Connecting Cuba: Slow steps toward press freedom

September 28, 2016 8:45 AM ET

New York, September 28--Cuban journalists are finding more space to be critical but restrictive laws, the fear of persecution, and limited and expensive access to the internet is slowing the country's press freedom progress, CPJ found in a report released today. The report finds that although President Raúl Castro's call for reforms five years ago has energized the press scene, many bloggers remain wary of publishing content that is too critical.

Based on interviews with journalists and bloggers, the report, "Connecting Cuba: More space for criticism but restrictions slow press freedom progress," examines how the media landscape has changed since Castro announced that Cubans should not be afraid to express differences of opinion. News websites and independent outlets are starting up, and journalists are exploring opportunities that were previously off limits. However, the legal framework has not changed and the government has significant control over how information is shared. These restrictive media laws and a fear of persecution inhibit journalists from being overly critical of the state.

The report also provides a comprehensive overview of internet access in the country. Due to government restrictions, Cuba remains one of the most disconnected countries in the Western hemisphere. Only a fraction of its 11 million citizens can regularly access the internet, and connections are slow and costly. This limited access makes it hard for online journalists to reach their audience, forcing many to rely on innovative ways to distribute content offline.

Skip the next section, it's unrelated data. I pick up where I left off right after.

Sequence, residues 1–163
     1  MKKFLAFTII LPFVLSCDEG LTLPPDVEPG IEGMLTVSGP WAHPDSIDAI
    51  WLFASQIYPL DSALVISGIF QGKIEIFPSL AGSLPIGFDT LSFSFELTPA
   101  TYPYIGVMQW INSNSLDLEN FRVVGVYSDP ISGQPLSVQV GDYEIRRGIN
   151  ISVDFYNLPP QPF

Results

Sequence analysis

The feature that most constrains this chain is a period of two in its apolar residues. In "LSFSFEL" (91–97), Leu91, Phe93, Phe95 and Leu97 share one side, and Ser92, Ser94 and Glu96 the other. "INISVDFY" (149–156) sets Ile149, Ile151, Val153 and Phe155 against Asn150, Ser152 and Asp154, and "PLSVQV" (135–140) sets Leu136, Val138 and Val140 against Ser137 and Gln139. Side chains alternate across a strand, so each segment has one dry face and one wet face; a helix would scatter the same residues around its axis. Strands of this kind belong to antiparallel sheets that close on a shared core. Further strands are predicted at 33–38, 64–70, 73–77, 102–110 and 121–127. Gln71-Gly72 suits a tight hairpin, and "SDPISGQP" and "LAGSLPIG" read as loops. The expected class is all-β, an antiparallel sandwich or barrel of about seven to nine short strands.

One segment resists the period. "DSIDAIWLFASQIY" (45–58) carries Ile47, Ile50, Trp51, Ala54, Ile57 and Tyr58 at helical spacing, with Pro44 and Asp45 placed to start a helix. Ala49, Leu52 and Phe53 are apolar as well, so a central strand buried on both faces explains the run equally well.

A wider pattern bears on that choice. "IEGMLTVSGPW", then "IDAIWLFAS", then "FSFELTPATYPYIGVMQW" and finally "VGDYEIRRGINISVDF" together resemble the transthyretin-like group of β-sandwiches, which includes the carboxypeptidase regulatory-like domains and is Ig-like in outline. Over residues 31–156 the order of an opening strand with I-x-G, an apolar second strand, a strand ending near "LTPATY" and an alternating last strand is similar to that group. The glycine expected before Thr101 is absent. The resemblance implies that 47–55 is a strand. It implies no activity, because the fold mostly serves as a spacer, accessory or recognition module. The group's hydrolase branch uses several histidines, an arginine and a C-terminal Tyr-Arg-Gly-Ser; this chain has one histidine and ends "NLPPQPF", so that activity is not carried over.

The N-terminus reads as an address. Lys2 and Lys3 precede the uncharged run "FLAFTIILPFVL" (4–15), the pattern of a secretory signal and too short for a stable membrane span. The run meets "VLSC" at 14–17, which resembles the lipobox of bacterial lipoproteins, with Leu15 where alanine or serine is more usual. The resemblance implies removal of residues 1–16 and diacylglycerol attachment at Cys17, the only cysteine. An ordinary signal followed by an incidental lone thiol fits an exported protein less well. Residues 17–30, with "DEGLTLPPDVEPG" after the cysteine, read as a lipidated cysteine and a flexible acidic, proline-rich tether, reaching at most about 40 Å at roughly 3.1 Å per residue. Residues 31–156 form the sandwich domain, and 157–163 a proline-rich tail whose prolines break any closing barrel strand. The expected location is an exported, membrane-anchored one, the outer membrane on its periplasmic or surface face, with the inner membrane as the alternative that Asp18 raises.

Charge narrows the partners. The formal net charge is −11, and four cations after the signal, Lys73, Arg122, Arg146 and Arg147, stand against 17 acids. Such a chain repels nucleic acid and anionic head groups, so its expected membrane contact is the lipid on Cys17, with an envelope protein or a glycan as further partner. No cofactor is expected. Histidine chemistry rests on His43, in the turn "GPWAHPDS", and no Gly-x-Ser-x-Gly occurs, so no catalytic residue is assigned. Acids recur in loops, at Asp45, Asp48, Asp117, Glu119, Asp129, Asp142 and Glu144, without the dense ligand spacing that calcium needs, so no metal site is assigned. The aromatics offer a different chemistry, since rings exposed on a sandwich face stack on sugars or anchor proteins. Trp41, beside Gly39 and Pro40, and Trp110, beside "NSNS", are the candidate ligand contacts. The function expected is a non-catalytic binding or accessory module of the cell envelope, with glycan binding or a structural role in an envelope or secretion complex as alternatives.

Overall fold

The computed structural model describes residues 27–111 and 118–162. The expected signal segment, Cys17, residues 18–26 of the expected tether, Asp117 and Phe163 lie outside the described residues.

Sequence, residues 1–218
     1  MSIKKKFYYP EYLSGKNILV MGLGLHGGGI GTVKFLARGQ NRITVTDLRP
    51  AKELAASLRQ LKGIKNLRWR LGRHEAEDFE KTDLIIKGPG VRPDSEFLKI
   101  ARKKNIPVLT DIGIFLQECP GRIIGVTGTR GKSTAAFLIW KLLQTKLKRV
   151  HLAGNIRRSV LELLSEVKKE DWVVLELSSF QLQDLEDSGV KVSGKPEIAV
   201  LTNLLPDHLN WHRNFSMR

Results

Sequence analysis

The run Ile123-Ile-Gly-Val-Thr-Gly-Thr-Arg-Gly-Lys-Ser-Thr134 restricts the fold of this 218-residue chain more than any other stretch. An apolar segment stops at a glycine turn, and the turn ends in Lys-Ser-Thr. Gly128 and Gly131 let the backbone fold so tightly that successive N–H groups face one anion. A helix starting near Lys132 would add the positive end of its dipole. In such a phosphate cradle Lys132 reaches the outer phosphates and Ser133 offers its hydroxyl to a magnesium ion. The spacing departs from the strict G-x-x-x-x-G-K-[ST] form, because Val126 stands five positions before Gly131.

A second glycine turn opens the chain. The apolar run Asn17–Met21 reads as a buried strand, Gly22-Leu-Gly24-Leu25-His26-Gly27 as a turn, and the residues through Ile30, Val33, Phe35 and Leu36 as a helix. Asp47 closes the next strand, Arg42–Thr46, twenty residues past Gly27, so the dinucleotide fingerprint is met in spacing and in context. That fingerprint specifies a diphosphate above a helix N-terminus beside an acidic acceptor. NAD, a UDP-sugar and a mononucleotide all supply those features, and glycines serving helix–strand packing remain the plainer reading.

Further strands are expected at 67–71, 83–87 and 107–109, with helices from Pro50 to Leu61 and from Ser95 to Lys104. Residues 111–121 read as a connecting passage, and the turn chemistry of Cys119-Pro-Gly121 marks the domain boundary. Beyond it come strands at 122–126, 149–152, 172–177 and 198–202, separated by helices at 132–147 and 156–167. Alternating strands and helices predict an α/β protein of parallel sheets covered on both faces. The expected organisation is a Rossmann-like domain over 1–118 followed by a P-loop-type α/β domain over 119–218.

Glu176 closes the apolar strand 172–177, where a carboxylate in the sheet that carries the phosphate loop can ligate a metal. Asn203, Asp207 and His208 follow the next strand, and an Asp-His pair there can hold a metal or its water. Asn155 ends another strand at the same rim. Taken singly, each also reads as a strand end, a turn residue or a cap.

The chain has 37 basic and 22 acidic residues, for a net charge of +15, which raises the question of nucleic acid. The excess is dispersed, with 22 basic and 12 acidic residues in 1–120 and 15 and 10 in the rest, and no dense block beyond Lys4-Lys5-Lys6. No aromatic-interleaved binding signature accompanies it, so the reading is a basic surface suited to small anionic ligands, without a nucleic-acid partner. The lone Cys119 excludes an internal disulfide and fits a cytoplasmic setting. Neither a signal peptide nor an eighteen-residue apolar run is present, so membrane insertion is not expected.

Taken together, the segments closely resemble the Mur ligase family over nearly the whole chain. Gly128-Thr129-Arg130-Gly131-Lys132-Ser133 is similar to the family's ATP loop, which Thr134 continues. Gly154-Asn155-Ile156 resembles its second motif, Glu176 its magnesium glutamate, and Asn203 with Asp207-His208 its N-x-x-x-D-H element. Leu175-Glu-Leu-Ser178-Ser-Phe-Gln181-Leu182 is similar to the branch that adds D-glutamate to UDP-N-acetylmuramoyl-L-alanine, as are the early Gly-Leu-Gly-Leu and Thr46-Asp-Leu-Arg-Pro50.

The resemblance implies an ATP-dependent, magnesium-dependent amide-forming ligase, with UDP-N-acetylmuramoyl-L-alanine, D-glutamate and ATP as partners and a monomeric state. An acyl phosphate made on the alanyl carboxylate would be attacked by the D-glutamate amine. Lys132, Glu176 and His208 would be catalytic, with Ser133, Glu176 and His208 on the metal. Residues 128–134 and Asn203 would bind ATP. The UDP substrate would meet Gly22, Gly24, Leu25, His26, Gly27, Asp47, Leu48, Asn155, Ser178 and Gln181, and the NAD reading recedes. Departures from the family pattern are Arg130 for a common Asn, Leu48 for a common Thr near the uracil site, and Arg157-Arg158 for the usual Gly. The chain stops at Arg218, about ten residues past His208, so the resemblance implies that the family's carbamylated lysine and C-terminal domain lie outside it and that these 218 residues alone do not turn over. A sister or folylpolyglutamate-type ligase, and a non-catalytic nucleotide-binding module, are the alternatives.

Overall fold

"The change in Cuba's outlook toward a more free press is a welcome development," said Carlos Lauría, CPJ's program director and senior Americas program coordinator. "The government needs to ground these changes in the country's constitution and other legal frameworks so that journalists and bloggers can report freely and without fear of persecution."

The report was produced by CPJ's Americas program and includes a foreword by Ernesto Londoño, a member of The New York Times editorial board who has written extensively about Cuba. The report includes recommendations to the Cuban government and to the Organization of American States, including calls for the government to implement constitutional and legal reforms and to amend a restrictive legal framework that bans privately owned media.

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CPJ is an independent, nonprofit organization that works to safeguard press freedom worldwide.

Note to Editors:

The report is available in English and Spanish.

Media contact:

Mehdi Rahmati

Communications Associate

[email protected]

212-300-9032

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